Guest Author - Chidori Phillips
Nishime is a cold weather, one pot dish of simmered vegetables and meat. A Japanese stew that features rinkon (lotus root), konbu (kelp), gobo (burdock) and konnyaku (yam cake), it can be made with either fish stock or chicken broth. My grandmother preferred to use chicken broth along with chicken thigh meat but the more traditional fish stock is good, too.
You can buy rinkon or lotus root fresh or canned. Slice them so they are in half circles. This way, the attractive pattern of the inner holes will add to the visual appeal. Gobo or burdock root looks like a thin tree root, and unless it is cooked well, it has the texture of one. This is why my mother adds the gobo early, before adding the other vegetables that require less cooking time.
To prepare the konbu knots, soak nishime konbu. Nishime konbu comes in thin long strips as opposed to dashi no konbu which comes in wider sheet-like strips. Soak the konbu until it softens and tie the long strip into knots, cutting them apart with 1/2 inches between them.
This is my mother's recipe, in her own words, so as usual, there are no measurements. As with most stews, the increments depends upon the size of your pot! Adjust seasonings to taste.
dashi no moto broth or chicken broth
mirin (Japanese cooking wine)
gobo, scraped and cut into diagonal pieces
carrots, peeled and cut into diagonal pieces
renkon (lotus root), sliced
koimo (Japanese potatoes), peeled
aburage (fried tofu), optional
chicken meat, optional (thigh meat, chopped)
Put water and about a teaspoon or two of vinegar in a bowl, stir and soak gobo for about 15-20 minutes. This prevents gobo from browning. Make konbu ribbons (soak konbu until it soften, tie into knots and cut them apart). Add these to a large pot along with your choice of fish or chicken broth. Add seasonings and cook on medium heat until almost done. (Chi's note: I think this means when the gobo and knobu are tender.) Then, add vegetables, except for koimo. Cook on low heat, stirring now and then with a big rice paddle (so you don't mash the carrots) until the veggies are done and then add the koimo. Simmer until done.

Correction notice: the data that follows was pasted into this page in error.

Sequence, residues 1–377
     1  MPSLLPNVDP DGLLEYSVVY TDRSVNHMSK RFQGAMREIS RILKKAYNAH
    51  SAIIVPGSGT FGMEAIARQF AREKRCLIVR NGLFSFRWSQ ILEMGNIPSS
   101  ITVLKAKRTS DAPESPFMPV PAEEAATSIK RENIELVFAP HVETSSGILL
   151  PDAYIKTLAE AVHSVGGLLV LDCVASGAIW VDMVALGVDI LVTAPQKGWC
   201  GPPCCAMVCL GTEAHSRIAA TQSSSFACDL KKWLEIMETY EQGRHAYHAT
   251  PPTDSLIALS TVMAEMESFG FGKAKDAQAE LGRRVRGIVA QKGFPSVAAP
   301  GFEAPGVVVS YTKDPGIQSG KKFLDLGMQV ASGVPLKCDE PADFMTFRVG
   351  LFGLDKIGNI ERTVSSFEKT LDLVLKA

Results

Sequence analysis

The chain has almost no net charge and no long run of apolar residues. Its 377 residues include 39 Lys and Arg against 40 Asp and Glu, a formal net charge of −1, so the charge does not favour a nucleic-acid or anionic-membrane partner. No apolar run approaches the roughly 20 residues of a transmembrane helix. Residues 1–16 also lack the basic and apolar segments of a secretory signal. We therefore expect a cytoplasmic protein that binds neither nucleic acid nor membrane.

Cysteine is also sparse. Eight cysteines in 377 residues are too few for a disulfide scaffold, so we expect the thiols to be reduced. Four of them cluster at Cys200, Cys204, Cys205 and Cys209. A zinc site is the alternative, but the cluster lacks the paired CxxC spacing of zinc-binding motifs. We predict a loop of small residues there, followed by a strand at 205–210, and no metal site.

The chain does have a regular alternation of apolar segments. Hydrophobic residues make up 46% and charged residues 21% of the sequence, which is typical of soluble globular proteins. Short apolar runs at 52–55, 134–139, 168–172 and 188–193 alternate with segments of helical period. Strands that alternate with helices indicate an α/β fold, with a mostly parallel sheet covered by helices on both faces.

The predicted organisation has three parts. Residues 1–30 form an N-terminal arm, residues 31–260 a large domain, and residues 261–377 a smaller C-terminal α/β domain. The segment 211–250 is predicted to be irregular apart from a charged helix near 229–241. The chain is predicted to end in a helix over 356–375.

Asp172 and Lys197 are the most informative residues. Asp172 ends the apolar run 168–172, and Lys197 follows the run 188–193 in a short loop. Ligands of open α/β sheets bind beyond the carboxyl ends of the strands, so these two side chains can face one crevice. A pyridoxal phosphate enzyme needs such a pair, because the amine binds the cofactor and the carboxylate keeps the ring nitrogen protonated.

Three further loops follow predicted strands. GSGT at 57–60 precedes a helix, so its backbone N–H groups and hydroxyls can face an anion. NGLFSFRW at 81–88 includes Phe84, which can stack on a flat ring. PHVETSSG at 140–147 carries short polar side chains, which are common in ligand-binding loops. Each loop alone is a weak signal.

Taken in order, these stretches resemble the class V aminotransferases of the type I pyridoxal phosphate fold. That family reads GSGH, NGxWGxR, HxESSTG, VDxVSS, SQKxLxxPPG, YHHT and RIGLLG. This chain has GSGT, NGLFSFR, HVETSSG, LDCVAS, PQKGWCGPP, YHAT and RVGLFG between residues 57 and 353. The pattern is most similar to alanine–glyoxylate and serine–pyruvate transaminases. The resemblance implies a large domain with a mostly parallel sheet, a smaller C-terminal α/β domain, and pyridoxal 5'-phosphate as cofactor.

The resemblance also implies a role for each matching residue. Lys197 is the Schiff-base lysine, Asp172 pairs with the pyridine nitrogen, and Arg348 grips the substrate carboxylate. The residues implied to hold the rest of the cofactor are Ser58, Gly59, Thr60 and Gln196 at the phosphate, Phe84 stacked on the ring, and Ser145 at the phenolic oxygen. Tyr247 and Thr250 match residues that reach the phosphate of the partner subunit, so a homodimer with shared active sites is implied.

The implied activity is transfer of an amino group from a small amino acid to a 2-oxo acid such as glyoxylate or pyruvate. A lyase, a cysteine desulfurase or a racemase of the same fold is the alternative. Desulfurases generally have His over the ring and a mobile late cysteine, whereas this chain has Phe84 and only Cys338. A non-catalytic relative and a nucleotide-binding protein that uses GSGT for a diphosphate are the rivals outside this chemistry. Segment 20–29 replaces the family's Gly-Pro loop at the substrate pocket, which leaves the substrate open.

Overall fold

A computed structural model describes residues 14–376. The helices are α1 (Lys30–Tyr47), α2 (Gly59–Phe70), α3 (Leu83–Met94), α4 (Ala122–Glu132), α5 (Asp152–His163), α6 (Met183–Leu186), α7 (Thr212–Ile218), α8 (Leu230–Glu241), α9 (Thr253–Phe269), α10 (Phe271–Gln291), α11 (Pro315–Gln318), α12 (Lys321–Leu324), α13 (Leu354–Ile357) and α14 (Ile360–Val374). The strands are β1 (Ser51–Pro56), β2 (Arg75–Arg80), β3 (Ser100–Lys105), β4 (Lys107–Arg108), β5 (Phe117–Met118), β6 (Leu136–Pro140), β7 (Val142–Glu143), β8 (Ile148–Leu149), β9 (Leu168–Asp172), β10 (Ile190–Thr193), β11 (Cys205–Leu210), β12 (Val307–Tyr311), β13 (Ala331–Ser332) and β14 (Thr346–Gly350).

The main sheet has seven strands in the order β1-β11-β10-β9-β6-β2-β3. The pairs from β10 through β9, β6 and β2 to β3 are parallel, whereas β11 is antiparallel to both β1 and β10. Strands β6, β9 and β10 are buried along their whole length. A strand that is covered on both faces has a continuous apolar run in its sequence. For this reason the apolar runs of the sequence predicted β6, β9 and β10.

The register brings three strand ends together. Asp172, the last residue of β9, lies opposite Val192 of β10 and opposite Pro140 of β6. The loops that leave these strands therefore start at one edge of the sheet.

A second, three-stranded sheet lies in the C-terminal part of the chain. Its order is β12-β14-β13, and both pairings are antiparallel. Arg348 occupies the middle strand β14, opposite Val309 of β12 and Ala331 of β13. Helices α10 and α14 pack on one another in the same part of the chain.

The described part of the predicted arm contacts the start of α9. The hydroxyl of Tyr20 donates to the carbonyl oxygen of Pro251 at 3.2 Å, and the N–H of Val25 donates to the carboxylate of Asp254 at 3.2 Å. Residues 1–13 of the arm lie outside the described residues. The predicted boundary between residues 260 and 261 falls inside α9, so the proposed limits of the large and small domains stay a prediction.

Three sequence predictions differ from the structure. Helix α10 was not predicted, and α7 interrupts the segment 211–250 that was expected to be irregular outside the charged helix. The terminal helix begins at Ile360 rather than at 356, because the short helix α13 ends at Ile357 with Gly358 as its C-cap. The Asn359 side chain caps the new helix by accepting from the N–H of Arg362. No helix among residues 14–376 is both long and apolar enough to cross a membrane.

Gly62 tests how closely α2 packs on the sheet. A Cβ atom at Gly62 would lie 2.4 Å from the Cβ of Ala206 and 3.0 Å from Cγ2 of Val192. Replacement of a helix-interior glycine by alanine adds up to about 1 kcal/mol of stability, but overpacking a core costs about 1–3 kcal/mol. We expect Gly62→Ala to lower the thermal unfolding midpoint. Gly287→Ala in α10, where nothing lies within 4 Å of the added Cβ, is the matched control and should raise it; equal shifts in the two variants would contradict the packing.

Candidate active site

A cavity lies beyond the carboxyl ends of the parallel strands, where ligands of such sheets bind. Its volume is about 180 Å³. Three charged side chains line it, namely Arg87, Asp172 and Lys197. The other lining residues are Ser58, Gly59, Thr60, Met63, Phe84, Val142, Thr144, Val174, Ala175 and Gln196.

Shoyu and sugar are equal amounts. Mirin I normally use a tablespoon then add salt, starting with a teaspoon for about 5-6 cups of broth. Taste as you go alng and add more seasonings to your taste. Do not boil or cook on high heat, especially if you add chicken as it will get hard.
You can add other veggies if you like but I do not recommend broccoli as florets will break off into little pieces and will not look attractive.